by Bryan Harnetiaux
Directed by Allen Fitzpatrick
Starring Megan Cole
An Equity Members Project Code Production
Capitol Hill Arts Center
1621 12th Avenue
Seattle,WA 98122 (206)388-0569

Reviewed by Jerry Kraft

"Vesta" is a didactic drama; it's a play intended to teach and to illustrate, in this case the issues related to the end of life as a medical, legal and social issue. Because it is a drama, however, it is also a presentation of distinct individuals in conflict: Vesta and her family, and the doctors, social workers, long-care managers and bureaucrats who are inevitably involved in her decline and ultimate passing.

Bryan Harnetiaux's play has been widely produced, primarily in educational settings as an impetus to discussion and explanation of the issues and dynamics of dying. This is its first professional production, done as an Actors Equity Members Project Code production, and for all its modest production values, essentially a bare stage in the basement at CHAC, the acting and directing is elegant and accomplished, the drama richly realized and effective. Allen Fitzpatrick directs this skilled ensemble to a tight and well-modulated performance.

In the lead role as Vesta, Megan Cole is simply brilliant, and I choose the adjective carefully. It is precisely that simplicity and subtlety in her portrayal that allows the play to blend the complex, contradictory, irascible and insightful nature of Vesta's character with the universal and mundane specifics of her circumstance. From her initial "minor" stroke through the loss of her independence, her home, her property, more of her health and even an inch of her height, we see a woman who remains clear-minded about who she is and where she is in her life. That strength of personality allows the others to play off the sheer substance and immutability of this woman whom each of them would like to re-shape in some way, but cannot.

I think the play's title is unfortunate, since it tells us nothing about the content or character of the play until after we've seen it. At that point, however, we fully understand that this play is, above all, about one very distinctive and compelling woman. That her journey illustrates issues makes her no less human, no less individual, in no way a bulletin board for talking-points to be tacked on. Ms. Cole makes Vesta this one particular woman, and this one woman alone.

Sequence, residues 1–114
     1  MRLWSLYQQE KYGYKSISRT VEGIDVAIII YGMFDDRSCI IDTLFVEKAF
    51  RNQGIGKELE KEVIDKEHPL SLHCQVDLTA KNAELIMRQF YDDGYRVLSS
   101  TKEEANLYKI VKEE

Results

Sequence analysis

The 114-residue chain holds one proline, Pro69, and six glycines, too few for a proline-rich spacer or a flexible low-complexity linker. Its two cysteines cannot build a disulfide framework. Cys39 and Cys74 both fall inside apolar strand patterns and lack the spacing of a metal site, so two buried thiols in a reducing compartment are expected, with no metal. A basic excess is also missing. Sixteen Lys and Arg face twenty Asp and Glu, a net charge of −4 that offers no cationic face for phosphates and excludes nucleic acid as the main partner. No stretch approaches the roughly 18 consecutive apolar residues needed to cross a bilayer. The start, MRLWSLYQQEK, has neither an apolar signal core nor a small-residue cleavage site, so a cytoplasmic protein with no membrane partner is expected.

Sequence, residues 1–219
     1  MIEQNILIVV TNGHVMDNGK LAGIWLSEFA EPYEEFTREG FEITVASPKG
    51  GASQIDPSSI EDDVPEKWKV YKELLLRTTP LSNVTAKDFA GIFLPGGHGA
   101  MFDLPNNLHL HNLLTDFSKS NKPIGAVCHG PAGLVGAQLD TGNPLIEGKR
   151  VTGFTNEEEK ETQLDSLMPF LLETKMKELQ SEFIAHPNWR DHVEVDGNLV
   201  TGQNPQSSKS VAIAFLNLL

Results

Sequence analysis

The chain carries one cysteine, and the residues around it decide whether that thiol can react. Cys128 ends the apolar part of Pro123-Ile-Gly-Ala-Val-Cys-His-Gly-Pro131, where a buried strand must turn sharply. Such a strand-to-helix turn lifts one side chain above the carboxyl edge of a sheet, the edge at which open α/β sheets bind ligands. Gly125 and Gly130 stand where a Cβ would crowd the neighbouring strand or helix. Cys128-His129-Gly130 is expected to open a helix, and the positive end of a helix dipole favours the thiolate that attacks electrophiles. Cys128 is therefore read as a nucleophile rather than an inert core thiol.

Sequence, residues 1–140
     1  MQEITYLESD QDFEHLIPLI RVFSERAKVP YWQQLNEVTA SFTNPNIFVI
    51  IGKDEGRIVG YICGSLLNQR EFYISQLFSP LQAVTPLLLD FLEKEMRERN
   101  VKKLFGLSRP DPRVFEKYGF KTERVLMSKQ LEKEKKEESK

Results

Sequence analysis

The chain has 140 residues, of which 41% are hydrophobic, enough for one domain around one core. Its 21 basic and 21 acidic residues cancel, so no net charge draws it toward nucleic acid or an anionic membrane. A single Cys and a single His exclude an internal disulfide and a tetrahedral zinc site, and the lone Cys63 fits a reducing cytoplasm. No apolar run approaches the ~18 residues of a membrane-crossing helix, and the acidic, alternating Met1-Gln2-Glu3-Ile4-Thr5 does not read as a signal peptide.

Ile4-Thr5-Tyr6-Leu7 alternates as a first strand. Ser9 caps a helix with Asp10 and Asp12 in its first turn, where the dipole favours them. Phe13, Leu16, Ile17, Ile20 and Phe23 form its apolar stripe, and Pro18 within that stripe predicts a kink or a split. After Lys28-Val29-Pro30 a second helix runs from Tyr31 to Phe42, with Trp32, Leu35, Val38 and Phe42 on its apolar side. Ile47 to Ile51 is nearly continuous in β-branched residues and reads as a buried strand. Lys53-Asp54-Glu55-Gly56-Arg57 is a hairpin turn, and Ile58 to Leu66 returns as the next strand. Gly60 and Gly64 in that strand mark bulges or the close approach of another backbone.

As her daughter, Carol, Cynthia Whalen nicely presents a wife and mother torn from her everyday life to engage all the complexities of a dying parent's situation. The mother/daughter relationship is tangled and painful, yet her strength and maturity compel her to act responsibly, if not always "correctly." Of course, knowing what is "correct" is one of the key conflicts for everyone in the play. I also admired Brian Ibsen as the social worker, Marc. His easy compassion and genuine affection for Vesta is not lost when he ends his involvement because, well, he's not being paid any more. She is his friends, but she is also just a part of his caseload. That's the reality. Britni Reinertsen was fine as the granddaughter, Kelly, although the role doesn't really go much beyond the stereotype of a self-involved, relatively insubstantial college girl.

Her reading of Theodore Roethke's great villanelle, "The Waking" doesn't quite earn the depth and magnitude of the poem. That seems to me less about her delivery than because the play doesn't really earn the poem so much as it confiscates it, borrowing resolution and consequence not entirely accomplished by the action of the drama itself. I also felt the anguish and emotional expression in her death-bed scene was a bit over the top, and would have been better more internalized and contained than so physically expressed. That was the only point where I thought the performance lost a bit of its control.

The ninety-minutes of "Vesta" seems to me exactly the right length, and the issues of family dynamics and personal recognition involved in the dying of a loved-one were familiar, believable and frequently moving. There was just enough humor to keep it from feeling academic or tedious. Above all, this was a wonderful realization of Mr. Harnetiaux's worthy and sincere script. At one point, Vesta describes a dream she has, a nightmare, wherein she is somewhere under a dark street, pushing a button and waiting. I think that's a great metaphor for the last ride we all take, and for how it feels to all of us who stand beside her, stand beside the button, for all of us who wait.

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